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Thread: ing and why

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    ing and why

    When Roy abandoned his family , the police went looking for him.
    1 why look + ing ?
    2 "looking" is a participle or gerund and why ?
    3 "looking for" is a phrasal verb ?
    When the first part of a sentence is Simple past tense the second part could be Past continuous or Past perfect ? Right or not

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    Re: ing and why

    'Go' followed by a gerund is a common usage, see
    'Look for' is a phrasal verb, see Scroll down to 'look for'.

    Not a teacher.

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    Re: ing and why

    Quote Originally Posted by learning67 View Post
    2 "looking" is a participle or gerund and why ?

    ***** NOT A TEACHER *****

    Hello, Learning:

    One of my favorite books * says that both answers are correct. Let me explain.

    1. That book feels that we can analyze such a sentence like this:

    a. "Looking" is a participle.
    b. It is a subjective complement (refers to "the police").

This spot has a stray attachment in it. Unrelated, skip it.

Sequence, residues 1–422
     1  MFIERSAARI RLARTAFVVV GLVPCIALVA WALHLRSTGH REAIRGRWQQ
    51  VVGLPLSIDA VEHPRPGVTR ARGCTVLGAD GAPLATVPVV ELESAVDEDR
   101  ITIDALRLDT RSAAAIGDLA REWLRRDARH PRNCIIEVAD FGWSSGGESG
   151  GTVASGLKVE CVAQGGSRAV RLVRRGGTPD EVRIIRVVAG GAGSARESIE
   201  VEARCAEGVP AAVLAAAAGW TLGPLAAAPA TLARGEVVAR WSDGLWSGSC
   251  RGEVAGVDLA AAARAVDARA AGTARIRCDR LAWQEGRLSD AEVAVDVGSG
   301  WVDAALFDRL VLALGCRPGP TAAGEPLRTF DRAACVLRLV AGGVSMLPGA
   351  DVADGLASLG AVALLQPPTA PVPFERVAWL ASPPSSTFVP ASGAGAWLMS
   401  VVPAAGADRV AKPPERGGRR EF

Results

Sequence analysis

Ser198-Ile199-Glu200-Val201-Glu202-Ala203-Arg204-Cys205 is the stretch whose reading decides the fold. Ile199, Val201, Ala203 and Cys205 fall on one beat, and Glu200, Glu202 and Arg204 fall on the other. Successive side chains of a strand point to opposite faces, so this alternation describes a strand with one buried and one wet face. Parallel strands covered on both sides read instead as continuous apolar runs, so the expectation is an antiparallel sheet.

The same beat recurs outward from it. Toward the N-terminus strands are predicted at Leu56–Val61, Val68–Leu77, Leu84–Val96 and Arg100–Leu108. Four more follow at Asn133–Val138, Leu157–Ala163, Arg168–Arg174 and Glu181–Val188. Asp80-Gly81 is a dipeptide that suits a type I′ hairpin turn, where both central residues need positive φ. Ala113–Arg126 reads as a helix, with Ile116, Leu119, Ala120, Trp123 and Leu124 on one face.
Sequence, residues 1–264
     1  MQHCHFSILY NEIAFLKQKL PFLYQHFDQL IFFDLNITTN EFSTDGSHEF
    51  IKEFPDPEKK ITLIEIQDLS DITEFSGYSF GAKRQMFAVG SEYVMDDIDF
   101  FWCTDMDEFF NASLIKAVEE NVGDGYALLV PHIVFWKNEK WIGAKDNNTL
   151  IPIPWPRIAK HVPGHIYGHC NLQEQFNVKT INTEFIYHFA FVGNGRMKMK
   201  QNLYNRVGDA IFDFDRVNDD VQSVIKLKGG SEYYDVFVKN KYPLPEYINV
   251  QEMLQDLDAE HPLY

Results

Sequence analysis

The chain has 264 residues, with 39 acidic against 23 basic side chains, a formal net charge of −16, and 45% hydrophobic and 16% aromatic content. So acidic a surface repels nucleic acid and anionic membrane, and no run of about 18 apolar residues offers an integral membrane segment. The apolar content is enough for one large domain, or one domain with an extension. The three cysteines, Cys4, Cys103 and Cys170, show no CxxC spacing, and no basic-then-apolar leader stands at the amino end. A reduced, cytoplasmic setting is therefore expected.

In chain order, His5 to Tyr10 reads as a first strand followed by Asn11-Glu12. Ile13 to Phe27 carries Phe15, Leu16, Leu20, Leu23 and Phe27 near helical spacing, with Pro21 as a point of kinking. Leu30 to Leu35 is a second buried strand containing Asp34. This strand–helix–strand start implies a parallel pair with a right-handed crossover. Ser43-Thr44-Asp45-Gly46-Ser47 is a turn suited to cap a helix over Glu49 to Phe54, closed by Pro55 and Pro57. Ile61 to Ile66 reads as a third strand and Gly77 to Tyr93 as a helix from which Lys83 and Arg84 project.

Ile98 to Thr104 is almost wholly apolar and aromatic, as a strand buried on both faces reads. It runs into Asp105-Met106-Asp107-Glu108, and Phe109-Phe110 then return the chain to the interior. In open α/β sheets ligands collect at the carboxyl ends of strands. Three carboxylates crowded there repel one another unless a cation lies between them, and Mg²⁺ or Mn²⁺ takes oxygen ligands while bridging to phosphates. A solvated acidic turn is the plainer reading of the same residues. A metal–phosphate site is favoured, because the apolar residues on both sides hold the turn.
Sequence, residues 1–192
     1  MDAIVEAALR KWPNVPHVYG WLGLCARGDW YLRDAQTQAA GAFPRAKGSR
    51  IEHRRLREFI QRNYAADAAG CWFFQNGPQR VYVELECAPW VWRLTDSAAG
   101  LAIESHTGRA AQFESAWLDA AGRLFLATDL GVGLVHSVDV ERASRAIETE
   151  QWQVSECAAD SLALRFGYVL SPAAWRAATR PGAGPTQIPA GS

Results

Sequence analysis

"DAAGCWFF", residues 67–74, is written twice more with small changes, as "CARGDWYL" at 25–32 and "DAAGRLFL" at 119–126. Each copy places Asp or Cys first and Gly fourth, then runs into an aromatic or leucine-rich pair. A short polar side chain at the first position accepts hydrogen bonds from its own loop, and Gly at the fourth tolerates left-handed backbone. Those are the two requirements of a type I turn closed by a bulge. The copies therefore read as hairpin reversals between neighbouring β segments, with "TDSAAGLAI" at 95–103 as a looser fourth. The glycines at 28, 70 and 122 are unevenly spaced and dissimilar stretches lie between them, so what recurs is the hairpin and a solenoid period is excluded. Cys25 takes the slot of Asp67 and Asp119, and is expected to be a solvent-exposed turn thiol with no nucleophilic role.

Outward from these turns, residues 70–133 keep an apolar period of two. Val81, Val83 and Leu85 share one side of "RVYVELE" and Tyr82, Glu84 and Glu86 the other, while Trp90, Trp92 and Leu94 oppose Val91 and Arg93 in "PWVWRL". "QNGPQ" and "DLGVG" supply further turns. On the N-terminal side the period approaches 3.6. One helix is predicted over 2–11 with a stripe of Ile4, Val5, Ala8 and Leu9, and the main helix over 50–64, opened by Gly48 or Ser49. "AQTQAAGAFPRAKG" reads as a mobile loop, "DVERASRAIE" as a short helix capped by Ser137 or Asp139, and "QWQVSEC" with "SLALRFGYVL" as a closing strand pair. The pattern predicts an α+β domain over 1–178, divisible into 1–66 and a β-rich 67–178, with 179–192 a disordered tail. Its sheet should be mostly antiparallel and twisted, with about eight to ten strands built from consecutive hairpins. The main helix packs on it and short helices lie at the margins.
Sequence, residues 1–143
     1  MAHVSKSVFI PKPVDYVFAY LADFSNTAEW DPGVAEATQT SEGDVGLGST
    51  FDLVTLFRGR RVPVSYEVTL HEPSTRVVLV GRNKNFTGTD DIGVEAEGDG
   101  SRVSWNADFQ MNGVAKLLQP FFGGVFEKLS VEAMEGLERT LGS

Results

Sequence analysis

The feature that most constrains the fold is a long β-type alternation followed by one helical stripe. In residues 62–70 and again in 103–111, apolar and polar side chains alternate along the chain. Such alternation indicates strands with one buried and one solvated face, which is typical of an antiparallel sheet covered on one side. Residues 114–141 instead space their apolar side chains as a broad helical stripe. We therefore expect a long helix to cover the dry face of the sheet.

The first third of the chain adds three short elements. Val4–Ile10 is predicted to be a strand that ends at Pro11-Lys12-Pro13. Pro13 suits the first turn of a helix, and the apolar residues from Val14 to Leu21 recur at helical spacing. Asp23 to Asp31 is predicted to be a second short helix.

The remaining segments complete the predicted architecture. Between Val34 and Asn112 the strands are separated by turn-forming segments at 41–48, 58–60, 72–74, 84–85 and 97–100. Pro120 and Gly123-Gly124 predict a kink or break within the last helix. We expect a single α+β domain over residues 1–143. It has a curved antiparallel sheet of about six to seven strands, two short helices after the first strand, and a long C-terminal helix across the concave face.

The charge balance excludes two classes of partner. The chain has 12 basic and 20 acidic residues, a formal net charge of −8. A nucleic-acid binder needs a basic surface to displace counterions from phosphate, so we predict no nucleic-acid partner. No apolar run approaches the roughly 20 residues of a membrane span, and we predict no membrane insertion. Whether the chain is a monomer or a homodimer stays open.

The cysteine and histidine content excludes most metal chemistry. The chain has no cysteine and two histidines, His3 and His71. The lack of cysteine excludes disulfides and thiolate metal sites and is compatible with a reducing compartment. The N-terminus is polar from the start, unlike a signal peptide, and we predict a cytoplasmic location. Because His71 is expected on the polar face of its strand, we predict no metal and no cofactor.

c. "Went" is acting as a linking verb.


    d. "Looking" is a gerund.
    e. It is functioning as an adverb that modifies the verb "went."


    f. "Looking" is a gerund.
    g. It is the object of the preposition "a" that we no longer use in modern English. Here are some examples that you may occasionally encounter in your reading:

    (i) The children came a-running.
    (ii) She went a-fishing.
    (iii) I am going a-hunting.
    (iv) My mother has gone a-calling.

    Today, we would not usually use "a."

    Sometimes a writer might use it because she wants to create a certain mood:

    "[B]ulldozers chewed the frozen earth, and riveters set steel beams arattling."


    * R.W. Pence and D.W. Emery, A Grammar of Present-Day English (second edition, 1963), pp. 61, 106, and 314.

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